A Look at SUNY Provost Salins’s Tenure as He Steps Down
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It’s one of the lesser known but more intriguing experiments in higher education: What happens when the results-oriented public-policy principles of the Manhattan Institute are applied to the nation’s largest comprehensive public university system?
After almost 10 years, and after having served three chancellors, Peter Salins will be stepping down as provost of the State University of New York, concluding a tenure in which his high expectations and grand plans were frequently adjusted by a resistant faculty — and his achievements were criticized by his former supporters. The architect of the most important academic changes at the State University of New York during Governor Pataki’s administration, Mr. Salins, a senior fellow at the Manhattan Institute and a former editor of City Journal, the urban affairs magazine published by the think tank, will be teaching policy analysis to graduate students at Stony Brook University.
Mr. Salins came to SUNY at the onset of an ideological push toward greater academic standards and accountability at New York’s public-higher education system set in motion by Republican leaders, Governor Pataki, and Mayor Giuliani. Mr. Salins says his efforts have raised the academic bar at SUNY. SAT scores for incoming freshman at doctoral campuses have risen by 85 points from 1997 to 2005 and by 62 points at comprehensive colleges over the same time period. Total student enrollment has also risen by 15.5% to more than 414,000 students. Research grants totaled almost $1 billion this year, about double the amount from eight years ago.
When he was elevated in 1997 from CUNY’s Hunter College, where he was the chairman of the urban affairs and planning department, to the top academic post at SUNY by Pataki-appointed trustees, Mr. Salins, was best known for his work defending America’s melting pot of assimilation and his statistics-heavy arguments against rent control. In Mr.Salins, trustees saw a conservative intellectual adept at sorting through complex public-policy problems and charged him with setting a course of action for SUNY that would hold SUNY’s sprawling network of 64 campuses more accountable and improve student performance, which lagged behind other state systems.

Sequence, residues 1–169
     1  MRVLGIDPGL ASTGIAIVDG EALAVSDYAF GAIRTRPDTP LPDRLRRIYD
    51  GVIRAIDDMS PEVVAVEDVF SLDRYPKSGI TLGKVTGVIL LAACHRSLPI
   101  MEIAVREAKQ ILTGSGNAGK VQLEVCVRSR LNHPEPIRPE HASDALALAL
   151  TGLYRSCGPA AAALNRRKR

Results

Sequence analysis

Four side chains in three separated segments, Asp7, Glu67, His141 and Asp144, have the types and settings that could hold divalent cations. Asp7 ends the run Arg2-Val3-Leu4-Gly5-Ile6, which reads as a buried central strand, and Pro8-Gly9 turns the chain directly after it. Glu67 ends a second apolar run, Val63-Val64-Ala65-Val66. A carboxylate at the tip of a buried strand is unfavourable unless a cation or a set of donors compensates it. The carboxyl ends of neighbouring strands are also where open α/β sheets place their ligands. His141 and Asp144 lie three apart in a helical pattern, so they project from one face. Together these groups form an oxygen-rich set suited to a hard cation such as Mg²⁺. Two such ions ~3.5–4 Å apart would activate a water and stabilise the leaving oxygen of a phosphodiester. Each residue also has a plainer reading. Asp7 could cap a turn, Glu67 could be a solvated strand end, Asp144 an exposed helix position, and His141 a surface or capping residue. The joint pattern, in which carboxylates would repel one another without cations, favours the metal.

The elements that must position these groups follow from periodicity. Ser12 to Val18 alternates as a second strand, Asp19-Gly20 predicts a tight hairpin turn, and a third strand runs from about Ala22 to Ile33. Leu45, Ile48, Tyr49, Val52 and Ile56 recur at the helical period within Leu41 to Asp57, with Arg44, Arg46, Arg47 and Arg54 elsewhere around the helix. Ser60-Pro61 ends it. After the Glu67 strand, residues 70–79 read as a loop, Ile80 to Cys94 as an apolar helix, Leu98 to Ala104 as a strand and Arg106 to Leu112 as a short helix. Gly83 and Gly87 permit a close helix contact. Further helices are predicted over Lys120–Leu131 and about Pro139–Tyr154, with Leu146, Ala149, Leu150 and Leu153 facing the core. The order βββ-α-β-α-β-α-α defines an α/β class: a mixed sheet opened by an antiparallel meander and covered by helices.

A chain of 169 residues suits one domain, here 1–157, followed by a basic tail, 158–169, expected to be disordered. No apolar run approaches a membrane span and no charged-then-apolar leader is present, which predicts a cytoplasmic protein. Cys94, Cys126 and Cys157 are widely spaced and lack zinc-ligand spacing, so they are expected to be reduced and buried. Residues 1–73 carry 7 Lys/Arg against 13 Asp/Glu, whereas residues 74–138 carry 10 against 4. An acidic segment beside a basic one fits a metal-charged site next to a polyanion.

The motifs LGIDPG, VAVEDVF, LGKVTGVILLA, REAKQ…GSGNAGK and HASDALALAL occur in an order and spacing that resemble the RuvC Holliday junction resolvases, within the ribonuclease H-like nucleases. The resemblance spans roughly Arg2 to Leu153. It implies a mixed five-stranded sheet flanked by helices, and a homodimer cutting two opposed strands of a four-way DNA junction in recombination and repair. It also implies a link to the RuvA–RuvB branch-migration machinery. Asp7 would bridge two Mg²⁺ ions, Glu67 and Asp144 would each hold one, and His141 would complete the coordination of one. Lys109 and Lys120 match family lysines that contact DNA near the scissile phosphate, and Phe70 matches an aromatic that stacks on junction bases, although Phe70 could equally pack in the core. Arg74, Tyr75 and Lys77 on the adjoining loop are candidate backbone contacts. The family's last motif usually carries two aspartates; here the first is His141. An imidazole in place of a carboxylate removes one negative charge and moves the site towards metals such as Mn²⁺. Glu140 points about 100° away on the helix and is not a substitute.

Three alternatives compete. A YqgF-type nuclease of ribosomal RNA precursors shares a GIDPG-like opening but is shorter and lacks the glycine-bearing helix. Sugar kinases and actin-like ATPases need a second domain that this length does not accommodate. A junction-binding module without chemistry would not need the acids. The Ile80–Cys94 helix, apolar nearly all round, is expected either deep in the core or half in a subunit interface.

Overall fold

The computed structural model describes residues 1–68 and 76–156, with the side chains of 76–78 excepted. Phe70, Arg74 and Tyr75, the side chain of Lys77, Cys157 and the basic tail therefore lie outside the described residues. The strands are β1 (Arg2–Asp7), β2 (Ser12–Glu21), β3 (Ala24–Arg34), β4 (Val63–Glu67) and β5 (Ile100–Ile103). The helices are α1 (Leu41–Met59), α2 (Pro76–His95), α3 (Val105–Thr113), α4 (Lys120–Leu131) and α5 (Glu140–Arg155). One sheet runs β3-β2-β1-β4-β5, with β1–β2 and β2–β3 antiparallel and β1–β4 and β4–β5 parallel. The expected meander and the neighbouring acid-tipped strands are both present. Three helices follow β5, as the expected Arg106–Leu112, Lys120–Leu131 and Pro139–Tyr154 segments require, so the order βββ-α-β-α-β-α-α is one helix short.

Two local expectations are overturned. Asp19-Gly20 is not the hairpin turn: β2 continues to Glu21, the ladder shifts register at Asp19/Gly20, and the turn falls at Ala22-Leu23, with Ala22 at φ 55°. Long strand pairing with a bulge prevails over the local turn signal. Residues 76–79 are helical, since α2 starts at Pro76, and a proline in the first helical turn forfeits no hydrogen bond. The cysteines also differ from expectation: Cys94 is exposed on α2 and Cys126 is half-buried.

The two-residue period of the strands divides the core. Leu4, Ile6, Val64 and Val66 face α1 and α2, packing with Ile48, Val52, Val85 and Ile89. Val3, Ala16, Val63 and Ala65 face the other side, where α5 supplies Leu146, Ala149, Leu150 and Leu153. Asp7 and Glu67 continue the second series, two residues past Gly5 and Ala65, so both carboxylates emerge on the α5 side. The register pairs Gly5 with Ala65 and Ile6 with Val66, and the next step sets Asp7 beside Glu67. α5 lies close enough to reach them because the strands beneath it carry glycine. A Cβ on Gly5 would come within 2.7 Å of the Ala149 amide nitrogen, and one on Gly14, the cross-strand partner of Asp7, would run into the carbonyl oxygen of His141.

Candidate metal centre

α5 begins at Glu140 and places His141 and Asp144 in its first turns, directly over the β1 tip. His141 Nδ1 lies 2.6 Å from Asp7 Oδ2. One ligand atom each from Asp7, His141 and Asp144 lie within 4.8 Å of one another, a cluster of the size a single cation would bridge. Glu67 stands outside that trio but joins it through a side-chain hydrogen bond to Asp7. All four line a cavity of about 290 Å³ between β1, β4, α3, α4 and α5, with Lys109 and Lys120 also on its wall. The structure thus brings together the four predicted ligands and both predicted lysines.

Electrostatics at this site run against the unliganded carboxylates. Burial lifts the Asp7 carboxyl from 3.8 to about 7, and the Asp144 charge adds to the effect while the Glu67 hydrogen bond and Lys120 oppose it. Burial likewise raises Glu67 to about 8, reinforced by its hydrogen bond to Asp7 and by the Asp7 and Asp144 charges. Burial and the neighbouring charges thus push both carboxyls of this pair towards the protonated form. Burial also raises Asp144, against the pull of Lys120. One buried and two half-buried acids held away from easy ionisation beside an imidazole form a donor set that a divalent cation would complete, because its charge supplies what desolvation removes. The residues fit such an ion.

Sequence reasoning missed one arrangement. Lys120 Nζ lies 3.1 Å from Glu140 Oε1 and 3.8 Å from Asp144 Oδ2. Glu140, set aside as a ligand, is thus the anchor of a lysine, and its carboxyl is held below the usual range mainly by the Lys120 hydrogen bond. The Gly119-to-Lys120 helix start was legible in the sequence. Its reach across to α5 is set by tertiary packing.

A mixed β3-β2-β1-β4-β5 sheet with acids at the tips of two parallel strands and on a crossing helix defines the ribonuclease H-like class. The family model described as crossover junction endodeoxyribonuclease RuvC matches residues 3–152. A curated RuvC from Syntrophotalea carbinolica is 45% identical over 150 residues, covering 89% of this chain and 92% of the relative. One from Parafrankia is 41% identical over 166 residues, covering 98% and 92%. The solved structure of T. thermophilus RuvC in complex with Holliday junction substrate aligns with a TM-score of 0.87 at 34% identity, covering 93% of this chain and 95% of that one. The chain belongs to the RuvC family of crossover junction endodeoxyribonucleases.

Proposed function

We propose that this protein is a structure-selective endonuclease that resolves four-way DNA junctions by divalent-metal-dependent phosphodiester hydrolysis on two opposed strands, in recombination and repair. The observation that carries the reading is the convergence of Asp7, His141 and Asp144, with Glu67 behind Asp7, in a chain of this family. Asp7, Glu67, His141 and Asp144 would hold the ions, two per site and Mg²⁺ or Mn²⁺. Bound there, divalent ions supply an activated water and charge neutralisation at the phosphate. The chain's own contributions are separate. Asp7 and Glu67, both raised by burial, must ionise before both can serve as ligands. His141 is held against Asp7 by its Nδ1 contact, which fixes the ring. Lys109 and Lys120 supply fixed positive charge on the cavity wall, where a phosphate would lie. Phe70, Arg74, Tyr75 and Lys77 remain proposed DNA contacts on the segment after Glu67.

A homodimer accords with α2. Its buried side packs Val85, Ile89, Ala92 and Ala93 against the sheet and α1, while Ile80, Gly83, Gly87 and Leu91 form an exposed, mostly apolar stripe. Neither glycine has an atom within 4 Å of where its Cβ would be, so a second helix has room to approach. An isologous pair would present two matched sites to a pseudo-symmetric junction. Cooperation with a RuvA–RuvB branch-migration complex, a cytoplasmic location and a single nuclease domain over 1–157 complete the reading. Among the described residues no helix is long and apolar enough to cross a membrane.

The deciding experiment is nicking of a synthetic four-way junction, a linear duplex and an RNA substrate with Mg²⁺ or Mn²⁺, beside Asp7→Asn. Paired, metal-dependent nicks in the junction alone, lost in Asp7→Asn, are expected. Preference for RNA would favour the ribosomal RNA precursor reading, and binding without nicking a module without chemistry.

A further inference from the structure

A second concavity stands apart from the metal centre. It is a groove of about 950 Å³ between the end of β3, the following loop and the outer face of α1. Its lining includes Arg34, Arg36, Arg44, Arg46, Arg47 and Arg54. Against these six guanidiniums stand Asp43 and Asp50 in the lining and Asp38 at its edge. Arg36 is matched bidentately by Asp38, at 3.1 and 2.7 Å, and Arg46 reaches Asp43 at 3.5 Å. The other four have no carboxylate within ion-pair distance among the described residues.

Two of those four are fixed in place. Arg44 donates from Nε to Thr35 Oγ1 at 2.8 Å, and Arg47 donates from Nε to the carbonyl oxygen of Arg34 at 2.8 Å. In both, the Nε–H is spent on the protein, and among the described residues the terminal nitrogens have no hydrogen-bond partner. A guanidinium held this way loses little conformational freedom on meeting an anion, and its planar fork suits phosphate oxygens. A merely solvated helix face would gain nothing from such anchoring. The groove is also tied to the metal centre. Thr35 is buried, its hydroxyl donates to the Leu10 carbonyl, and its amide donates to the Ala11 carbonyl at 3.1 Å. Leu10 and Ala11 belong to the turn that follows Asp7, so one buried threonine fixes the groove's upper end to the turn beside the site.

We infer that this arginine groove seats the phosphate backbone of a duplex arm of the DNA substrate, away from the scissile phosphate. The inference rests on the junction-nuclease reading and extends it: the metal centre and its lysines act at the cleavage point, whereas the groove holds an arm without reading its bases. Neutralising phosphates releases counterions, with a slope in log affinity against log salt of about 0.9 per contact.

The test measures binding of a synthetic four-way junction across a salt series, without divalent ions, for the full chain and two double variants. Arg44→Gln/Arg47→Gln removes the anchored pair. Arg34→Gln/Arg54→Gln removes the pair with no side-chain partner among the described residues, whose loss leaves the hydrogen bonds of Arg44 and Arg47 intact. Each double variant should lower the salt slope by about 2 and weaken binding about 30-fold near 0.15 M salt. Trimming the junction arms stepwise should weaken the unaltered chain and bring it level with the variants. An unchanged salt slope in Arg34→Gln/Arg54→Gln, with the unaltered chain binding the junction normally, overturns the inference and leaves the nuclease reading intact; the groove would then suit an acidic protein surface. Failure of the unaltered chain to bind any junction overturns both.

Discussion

Rather than act as a top-down enforcer of the will of the trustees, Mr. Salins said he chose a pragmatic path that avoided deal-breakers and settled on compromises. It was a path that not all of the trustees agreed with. His fiercest critic among them, Candace de Russy, is the same person who recruited him from Hunter. “Peter, like so many other talented administrators at SUNY, largely acquiesced in the dominant ‘go along to get along’ mentality,” she said.
Looking back at his tenure, Mr. Salins said that he couldn’t have met any objectives if he didn’t work with the faculty — that some change is better than none at all.
A key program he developed was a common curriculum for SUNY students that required students to take at least one course in 12 subjects, including American history, foreign language, and humanities. Initially, SUNY’s faculty senate revolted and expressed “no confidence” in the trustees, but they later agreed to it after Mr. Salins and the trustees assured them that they would have most of the control of the content of the courses.
Mr. Salins said he was satisfied with SUNY’s general education program, saying it was more comprehensive and rigorous than ones at comparable state systems. But his previous comments about his expectations for the program seem to indicate that it has fallen short of his expectations. In 2000, Mr. Salins told the Albany Times Union that he was against a proposed core curriculum course in American history called the “American Jewish Experience,” arguing that it was too narrow in content.
“I assume you could work in George Washington and Thomas Jefferson by hook or by crook,” Mr. Salins reportedly said. “But it’s unlikely that a course on the American Jewish experience could cover the entire sweep of American political, social, cultural, and economic history from beginning to end.”
The course was ultimately approved for SUNY Albany, meaning that students there can take it to complete their American history requirement. They can also satisfy the requirement by taking a single course on the “history of women and social change in the U.S.”
Mr. Salins pushed for system-wide assessments of incoming freshmen, but assured a faculty governance board that SUNY would not voluntarily release the results to the public. He also allowed campuses to decide whether to re-assess students in subsequent years, which would indicate their improvement. Mr. Salins said he faced a “huge amount of struggle” in getting the various faculties behind the student-assessment plan.
He also developed a “mission review” program requiring campuses to submit five-year plans that specified goals for increasing enrollment and four-year graduation rates and for attracting more competitive students. Campuses have just completed their second five-year master plans for the years 2005 to 2010.
The initiative has come under criticism from Ms. de Russy, who faults the reviews for not addressing whether campuses met their original goals.
Mr. Salins said getting the campuses to agree to the reviews was in itself a hard-fought victory. Some SUNY campuses were opposed to measuring graduation rates, he said, but consented in the end.
“I think we have achieved a great deal,” Mr. Salins said. “If you look at the metrics and a lot of the processes, the university has made enormous progress.” The SUNY trustees are conducting a search for a new provost.